another question I have is I know AHDH has been linked to celiac disease I'm wondering if other learing disabiltys can get better if one has celiac disease and eats gluten-free? she has had an IEP with the school system since she was 3 at first because of speech delay and now she is listed on it for OHI I have a long list of things that she has been diganosed with but I would have to go though her files to list them all cause I just can't remember them all one that comes to mind is something with her hearing where she has a hard time hearing things when there is background noise she uses a FM transmitter in school to help hear her teacher. She also has some fine moter issues.

2 more quick questions, has anyone ever noticed a decrease in bed wetting in a child with celiac disease after going gluten-free? Also anyone know if there is a link between hand tremors and celiac disease

Thanks for any answers I get to this I know it's long! I look forward to being a member here and learing lots!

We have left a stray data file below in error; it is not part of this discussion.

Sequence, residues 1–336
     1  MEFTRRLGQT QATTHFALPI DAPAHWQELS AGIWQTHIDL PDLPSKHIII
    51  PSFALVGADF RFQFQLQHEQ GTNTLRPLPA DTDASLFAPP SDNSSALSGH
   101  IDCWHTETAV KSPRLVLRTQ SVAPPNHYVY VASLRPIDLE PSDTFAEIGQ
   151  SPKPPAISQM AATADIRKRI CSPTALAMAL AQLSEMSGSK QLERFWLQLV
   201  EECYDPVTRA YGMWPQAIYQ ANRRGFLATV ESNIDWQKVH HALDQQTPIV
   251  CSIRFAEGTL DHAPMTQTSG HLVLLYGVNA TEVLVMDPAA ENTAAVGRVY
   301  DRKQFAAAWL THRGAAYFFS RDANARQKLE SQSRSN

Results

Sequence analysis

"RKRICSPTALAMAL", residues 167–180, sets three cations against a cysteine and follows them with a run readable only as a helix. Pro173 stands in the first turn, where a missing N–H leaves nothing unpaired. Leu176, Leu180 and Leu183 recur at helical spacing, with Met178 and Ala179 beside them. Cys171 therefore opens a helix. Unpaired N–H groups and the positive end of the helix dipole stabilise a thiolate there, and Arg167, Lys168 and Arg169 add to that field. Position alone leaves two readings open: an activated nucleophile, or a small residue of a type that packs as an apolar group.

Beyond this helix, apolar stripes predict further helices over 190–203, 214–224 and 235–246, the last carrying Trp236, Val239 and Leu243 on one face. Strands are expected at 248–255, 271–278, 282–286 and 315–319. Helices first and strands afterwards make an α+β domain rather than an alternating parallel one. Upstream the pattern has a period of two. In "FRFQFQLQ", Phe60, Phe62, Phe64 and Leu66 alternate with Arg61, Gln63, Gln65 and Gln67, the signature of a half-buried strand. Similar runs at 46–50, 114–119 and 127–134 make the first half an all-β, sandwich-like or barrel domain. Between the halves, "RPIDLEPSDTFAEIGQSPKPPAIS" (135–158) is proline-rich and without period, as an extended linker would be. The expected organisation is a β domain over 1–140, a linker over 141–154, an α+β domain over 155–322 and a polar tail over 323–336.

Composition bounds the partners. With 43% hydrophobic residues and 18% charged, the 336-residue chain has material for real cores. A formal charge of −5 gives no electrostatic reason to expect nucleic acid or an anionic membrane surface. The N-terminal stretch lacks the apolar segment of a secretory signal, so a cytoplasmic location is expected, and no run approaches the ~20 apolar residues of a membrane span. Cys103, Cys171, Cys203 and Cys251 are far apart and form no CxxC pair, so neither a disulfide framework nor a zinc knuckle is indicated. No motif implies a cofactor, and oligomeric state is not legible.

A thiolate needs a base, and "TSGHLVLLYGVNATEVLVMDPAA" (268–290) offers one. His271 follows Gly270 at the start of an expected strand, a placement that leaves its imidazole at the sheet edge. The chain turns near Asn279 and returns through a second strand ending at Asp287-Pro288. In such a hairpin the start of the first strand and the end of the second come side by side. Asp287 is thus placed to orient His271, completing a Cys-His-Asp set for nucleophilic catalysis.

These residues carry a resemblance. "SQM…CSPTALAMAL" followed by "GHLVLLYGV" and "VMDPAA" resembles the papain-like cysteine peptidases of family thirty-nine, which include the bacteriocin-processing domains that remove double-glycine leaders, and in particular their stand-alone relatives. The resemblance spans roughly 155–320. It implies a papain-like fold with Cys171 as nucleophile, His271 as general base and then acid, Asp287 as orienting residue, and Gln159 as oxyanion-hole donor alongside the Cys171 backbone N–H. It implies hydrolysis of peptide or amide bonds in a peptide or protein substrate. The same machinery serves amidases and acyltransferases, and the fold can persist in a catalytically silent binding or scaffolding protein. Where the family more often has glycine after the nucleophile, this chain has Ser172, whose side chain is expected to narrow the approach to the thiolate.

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You may want to try calling the GI department at your Children's hospital and making an appointment. Maybe they are waiting to hear from you or maybe they called and you didn't get the message? I find it helpful to have a diagnosis from a doctor with children. It helps with school and helps my kid to take it seriously. Also, there can be some complications initially like we had (vitamin D deficiency and reflux etc., there were about twenty other things they checked for that she was normal on too - so maybe those require some attention too.) that a nice GI doctor could help out with. In my case I found the doctor and the nutritionist very helpful in getting my daughter to be very serious and careful about what she eats. Try to find someone there who specializes in celiac. I think a positive blood test is about 94-98% accurate depending on who you ask. In our case my daughter wet the bed and stopped after we started the gluten-free diet. I don't know if it was just because she outgrew it or it was a symptom. It only really happened when she was super tired or upset once every few months before. (She was 10 when she was diagnosed.) If you look up celiac and ADHD you will find some studies. My child seems much less irritable than she was. I think it could be that she is feeling much better so is less grumpy. I guess in the end you have to decide what feels right for you and your family. It helped me a lot to know for sure what the problem was and that I was doing my best to fix it. I am not sure if I could do this long term without that. I also think it helps with friends and family in supporting you. Best of luck.